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Leptin levels at birth and in early postnatal life in small- and appropriate-for-gestational-age infants

Journal article
Authors M. Valuniene
R. Verkauskiene
M. Boguszewski
Jovanna Dahlgren
D. Lasiene
L. Lasas
Kerstin Albertsson-Wikland
Published in Medicina (Kaunas)
Volume 43
Issue 10
Pages 784-791
ISSN 1648-9144 (Electronic)
Publication year 2007
Published at Institute of Clinical Sciences
Pages 784-791
Language en
Links internal-pdf://Medicina_07_43_784-3...
Subject categories Medical and Health Sciences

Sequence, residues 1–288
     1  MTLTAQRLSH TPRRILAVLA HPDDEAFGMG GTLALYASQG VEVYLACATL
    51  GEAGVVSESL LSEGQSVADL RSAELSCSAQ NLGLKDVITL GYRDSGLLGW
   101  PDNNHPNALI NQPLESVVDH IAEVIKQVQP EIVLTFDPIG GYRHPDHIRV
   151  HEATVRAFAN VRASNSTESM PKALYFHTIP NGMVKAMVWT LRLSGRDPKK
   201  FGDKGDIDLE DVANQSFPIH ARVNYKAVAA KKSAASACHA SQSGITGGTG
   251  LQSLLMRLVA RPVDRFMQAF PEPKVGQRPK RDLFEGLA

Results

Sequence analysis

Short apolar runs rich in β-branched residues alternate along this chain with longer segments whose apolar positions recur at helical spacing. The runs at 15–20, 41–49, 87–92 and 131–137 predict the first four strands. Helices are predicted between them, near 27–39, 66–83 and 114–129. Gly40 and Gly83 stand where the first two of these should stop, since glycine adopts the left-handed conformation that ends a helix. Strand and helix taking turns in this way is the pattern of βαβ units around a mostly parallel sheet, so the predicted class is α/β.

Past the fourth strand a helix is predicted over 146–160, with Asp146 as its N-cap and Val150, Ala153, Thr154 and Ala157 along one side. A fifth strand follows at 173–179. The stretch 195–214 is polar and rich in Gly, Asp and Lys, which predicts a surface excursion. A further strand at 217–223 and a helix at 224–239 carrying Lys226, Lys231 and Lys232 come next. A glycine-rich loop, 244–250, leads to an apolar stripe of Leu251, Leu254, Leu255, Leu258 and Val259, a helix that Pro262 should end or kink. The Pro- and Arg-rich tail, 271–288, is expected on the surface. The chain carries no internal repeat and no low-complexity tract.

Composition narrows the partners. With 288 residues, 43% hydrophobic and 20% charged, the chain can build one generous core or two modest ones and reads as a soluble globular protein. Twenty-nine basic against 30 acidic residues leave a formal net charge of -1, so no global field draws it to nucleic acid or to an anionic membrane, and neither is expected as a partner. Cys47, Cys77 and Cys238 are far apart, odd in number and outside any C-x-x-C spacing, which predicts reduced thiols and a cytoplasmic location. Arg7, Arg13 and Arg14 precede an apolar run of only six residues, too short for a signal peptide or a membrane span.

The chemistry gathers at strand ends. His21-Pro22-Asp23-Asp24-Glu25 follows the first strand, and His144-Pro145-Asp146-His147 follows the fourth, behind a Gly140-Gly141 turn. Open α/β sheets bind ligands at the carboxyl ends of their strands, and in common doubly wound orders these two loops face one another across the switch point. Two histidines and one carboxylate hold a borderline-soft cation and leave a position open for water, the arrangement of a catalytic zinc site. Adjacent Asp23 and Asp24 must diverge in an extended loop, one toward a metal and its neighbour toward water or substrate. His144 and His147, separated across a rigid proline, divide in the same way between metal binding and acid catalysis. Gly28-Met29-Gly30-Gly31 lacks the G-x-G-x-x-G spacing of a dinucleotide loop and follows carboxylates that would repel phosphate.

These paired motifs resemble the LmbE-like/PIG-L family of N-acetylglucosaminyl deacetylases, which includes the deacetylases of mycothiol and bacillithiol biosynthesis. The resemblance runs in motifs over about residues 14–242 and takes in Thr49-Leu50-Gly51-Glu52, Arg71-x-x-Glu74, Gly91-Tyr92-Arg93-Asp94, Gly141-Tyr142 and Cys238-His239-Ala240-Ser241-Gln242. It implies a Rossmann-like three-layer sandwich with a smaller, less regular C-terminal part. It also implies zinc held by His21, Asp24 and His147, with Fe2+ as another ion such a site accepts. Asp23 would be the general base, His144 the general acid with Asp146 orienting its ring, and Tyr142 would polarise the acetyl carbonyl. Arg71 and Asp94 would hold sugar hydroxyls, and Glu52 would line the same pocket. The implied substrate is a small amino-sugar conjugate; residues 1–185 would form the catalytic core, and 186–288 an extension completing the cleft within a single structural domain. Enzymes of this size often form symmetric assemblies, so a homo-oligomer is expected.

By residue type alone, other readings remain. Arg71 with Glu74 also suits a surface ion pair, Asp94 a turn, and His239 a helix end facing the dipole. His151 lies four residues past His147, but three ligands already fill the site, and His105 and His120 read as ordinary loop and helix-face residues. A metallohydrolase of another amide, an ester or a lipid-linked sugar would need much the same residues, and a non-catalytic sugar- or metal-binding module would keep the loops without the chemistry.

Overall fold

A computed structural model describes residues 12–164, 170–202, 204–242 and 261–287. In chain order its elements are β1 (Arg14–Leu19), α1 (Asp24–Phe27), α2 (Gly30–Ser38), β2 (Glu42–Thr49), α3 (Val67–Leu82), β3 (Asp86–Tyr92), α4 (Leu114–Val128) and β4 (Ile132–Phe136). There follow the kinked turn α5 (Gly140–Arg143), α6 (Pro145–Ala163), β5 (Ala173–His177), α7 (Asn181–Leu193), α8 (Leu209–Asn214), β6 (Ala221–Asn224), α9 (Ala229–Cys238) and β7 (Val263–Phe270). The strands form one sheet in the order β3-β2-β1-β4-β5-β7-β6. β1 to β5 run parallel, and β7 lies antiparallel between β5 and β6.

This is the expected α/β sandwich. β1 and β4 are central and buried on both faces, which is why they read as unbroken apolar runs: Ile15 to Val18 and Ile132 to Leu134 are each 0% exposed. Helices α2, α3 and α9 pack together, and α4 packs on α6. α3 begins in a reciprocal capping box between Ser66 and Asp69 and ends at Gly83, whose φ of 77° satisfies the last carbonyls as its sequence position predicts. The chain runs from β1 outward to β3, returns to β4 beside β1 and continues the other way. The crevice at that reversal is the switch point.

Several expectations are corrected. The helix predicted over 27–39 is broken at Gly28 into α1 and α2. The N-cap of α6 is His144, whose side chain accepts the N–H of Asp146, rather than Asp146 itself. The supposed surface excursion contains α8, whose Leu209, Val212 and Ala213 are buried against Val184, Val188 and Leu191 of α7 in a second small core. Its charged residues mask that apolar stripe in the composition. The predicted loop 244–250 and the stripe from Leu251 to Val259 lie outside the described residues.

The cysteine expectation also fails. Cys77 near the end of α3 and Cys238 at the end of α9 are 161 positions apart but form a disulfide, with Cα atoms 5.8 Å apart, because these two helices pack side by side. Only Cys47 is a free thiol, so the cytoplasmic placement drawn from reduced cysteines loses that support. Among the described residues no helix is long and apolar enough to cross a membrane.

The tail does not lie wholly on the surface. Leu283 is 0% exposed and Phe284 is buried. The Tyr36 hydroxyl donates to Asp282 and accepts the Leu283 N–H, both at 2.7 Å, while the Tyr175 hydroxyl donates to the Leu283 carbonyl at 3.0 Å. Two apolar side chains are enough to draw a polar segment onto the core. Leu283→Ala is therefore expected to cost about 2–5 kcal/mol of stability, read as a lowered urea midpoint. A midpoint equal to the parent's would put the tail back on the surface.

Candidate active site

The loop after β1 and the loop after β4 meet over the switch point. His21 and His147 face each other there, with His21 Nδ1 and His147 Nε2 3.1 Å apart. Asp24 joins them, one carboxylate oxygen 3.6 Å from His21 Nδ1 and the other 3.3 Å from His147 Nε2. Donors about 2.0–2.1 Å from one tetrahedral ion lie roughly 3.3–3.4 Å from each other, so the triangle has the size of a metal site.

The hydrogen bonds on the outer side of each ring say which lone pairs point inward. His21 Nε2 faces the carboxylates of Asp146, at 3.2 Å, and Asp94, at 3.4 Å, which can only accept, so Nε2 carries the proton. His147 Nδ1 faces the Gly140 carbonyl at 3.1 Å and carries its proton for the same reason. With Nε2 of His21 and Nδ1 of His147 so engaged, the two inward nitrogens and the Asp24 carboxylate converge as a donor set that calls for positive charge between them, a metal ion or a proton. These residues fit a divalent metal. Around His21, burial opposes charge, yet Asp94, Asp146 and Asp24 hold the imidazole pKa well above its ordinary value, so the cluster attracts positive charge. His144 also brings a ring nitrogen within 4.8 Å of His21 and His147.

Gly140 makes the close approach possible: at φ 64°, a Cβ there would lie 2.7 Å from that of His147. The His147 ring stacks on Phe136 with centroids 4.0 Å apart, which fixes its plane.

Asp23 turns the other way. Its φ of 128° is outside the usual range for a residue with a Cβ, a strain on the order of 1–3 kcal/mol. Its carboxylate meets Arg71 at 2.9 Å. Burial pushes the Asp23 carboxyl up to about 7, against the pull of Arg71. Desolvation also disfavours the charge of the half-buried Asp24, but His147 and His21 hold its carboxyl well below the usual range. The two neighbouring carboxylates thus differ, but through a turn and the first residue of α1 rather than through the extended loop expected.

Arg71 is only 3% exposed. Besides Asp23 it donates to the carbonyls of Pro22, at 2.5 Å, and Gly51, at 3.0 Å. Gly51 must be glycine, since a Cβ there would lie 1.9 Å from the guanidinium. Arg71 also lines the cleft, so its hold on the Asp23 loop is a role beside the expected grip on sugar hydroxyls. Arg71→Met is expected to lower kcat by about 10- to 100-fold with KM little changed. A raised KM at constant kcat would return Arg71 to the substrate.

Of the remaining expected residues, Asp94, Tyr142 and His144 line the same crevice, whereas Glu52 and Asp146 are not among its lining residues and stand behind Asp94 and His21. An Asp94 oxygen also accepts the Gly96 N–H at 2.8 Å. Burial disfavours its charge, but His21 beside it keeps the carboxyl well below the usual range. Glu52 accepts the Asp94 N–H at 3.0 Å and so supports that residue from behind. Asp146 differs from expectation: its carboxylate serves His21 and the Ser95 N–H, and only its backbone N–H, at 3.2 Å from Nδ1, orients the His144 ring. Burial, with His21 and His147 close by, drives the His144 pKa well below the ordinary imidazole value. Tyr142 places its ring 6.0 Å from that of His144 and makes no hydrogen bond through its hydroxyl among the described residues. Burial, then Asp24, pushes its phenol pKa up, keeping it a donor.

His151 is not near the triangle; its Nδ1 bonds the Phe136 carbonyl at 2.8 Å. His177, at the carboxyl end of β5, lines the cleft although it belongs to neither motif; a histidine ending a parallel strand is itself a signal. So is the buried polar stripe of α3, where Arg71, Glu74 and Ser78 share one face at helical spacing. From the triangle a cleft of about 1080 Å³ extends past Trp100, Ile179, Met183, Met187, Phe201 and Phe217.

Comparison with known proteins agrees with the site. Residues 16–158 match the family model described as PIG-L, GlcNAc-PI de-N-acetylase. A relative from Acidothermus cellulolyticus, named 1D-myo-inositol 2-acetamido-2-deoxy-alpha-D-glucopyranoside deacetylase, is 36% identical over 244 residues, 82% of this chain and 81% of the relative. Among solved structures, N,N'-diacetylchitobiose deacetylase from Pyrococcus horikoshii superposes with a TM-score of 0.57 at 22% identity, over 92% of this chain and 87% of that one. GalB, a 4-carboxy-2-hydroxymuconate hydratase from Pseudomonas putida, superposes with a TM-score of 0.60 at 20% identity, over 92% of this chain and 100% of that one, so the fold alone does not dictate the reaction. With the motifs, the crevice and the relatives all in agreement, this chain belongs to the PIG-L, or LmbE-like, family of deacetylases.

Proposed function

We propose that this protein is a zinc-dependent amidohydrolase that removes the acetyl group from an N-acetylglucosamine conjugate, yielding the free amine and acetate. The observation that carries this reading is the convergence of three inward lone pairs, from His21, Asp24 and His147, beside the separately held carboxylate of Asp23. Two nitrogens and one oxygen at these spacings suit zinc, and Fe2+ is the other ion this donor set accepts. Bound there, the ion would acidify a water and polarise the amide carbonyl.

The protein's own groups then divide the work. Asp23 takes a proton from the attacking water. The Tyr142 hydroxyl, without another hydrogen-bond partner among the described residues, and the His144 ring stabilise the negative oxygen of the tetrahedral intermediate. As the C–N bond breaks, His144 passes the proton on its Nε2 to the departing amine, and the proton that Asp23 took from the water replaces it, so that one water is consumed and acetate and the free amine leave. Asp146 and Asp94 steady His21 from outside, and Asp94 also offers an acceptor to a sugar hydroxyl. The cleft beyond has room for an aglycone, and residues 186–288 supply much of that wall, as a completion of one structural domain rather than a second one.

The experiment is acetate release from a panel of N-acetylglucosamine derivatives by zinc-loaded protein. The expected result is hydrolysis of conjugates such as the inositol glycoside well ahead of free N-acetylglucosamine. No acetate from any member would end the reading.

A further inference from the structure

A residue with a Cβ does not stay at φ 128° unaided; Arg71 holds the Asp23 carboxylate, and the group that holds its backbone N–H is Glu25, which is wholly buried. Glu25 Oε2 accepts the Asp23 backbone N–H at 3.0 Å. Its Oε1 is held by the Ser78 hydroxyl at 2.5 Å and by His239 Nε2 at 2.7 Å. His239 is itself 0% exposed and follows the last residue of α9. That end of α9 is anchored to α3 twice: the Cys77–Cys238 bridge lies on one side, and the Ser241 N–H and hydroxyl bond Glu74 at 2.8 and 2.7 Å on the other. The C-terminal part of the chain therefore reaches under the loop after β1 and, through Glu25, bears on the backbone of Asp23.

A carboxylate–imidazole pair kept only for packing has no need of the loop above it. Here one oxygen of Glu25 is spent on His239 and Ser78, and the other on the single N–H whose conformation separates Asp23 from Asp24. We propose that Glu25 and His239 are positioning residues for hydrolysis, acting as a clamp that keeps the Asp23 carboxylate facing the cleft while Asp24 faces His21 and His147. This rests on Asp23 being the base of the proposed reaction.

The aim of this study was to evaluate leptin concentration at birth and in early postnatal life in small- and appropriate-for-gestational-age infants and to assess its relationship with infants' anthropometry at birth and some characteristics of maternal pregnancy. MATERIALS AND METHODS. A total of 367 infants born after 32-42 weeks of gestation were enrolled in the study. Umbilical cord blood samples were collected from 80 small- and 287 appropriate-for-gestational-age newborns. Altogether, 166 venous blood samples were taken from these neonates on days 2-6 of life. RESULTS. Cord leptin levels were significantly lower in small- compared to appropriate-for-gestational-age infants. We observed a positive correlation between cord leptin and birth weight, all neonatal anthropometric parameters, placental weight, and some maternal nutritional factors. In multivariate analysis, cord leptin concentration explained up to 15% of the variation in sum of newborn's skinfold thickness but only 5% of the variation in birth weight. Postnatally, leptin concentration decreased markedly to the similar low levels in both infant groups and remained so during the first postnatal week. CONCLUSIONS. Significantly lower cord leptin concentration in small-for-gestational-age neonates reflects a lower fat mass content compared to appropriate-for-gestational-age infants. However, an abrupt decrease in leptin levels shortly after birth in both groups suggests that placenta could be an important source of leptin in fetal circulation. The impact of low leptin levels at birth in small-for-gestational-age infants on their postnatal appetite and weight gain remains to be elucidated in future studies.

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